As we all expected, the Federal Reserve raised its short-term interest rate target by 0.25% after completing a two-day meeting Wednesday afternoon. Since this was entirely priced into the markets, we look to other parts of Wednesday's release for market-moving information. Here's what I saw.
The "dot plot"
The so-called "dot plot" is an exercise where each FOMC member is asked to estimate where they think the Fed's target should be if 1) they were in charge of the Fed and 2) their economic forecast came to fruition. They estimate this for year-end 2017, 2018, 2019 and the "long-term."
The market was expecting the dots to tilt higher this time around, as both hard data and survey results are pointing to a strengthening economy. Plus, most Fed speakers in recent weeks have sounded pretty hawkish. But the dots hardly moved. The median dot in both 2017 and 2018 were unchanged from December at 1.375% (i.e., two more hikes) and 2.125% (i.e., three hikes in 2018). Looking at the individual dots, it seems that three members probably moved from 1.125% to 1.375% for year-end 2017, and no one else changed.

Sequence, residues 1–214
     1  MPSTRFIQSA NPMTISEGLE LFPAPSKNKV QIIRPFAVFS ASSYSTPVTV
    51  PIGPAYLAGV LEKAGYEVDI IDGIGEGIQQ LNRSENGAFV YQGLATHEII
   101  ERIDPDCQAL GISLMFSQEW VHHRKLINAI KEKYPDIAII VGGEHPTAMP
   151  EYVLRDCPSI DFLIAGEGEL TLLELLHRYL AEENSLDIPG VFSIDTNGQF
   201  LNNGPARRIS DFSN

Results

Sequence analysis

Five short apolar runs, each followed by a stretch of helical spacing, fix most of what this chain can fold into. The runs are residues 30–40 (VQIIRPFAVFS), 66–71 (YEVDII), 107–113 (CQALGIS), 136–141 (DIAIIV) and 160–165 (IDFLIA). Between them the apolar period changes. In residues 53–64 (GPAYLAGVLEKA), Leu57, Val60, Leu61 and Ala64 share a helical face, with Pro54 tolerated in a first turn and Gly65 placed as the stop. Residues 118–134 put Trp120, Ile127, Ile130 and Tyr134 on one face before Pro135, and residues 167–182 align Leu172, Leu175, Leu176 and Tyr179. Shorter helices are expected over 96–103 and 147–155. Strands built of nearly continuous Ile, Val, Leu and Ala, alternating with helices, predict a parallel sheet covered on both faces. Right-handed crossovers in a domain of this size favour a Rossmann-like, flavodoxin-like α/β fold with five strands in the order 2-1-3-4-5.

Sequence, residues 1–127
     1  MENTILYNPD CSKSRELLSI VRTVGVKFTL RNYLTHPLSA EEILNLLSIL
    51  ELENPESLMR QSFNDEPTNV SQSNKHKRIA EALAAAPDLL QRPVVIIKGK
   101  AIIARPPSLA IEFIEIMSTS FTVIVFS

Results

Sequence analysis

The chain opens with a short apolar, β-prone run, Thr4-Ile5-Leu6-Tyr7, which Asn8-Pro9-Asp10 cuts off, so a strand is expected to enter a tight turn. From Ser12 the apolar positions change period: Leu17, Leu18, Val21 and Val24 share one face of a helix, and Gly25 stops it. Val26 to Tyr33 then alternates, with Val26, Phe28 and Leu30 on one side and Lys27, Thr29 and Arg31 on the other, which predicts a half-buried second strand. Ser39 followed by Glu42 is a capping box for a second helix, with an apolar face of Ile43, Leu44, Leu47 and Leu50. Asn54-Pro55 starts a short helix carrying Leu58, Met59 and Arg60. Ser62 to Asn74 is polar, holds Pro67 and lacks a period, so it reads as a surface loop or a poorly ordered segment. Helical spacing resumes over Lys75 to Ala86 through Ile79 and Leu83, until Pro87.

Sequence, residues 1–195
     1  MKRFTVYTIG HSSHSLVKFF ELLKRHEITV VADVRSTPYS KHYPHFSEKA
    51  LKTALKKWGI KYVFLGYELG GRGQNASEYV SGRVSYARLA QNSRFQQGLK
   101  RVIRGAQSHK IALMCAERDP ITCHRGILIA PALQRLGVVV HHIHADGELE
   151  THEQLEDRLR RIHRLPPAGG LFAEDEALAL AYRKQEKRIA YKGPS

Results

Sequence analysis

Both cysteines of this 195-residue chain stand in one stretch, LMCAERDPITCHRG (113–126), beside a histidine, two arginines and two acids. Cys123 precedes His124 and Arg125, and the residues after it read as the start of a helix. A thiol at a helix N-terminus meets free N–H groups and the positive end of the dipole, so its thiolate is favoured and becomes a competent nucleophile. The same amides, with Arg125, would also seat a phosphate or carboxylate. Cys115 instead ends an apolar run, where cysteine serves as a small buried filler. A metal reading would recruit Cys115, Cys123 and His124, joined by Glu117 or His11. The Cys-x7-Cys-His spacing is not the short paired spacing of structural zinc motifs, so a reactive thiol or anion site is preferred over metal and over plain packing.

This is meaningful because it tells us that the hawkish tone from Fed speakers recently has been to try to get the market to take their forecasts seriously, not reflecting an improving economic forecast. If all the economy is doing is fulfilling members' forecasts, then there is no reason for the dots to inch up.
And indeed, we see that the GDP, unemployment and inflation forecasts from the Summary of Economic Projections are all about unchanged from December. Fed Chair Janet Yellen herself mentioned in her prepared remarks that Wednesday's rate hike doesn't reflect a change in their economic forecast.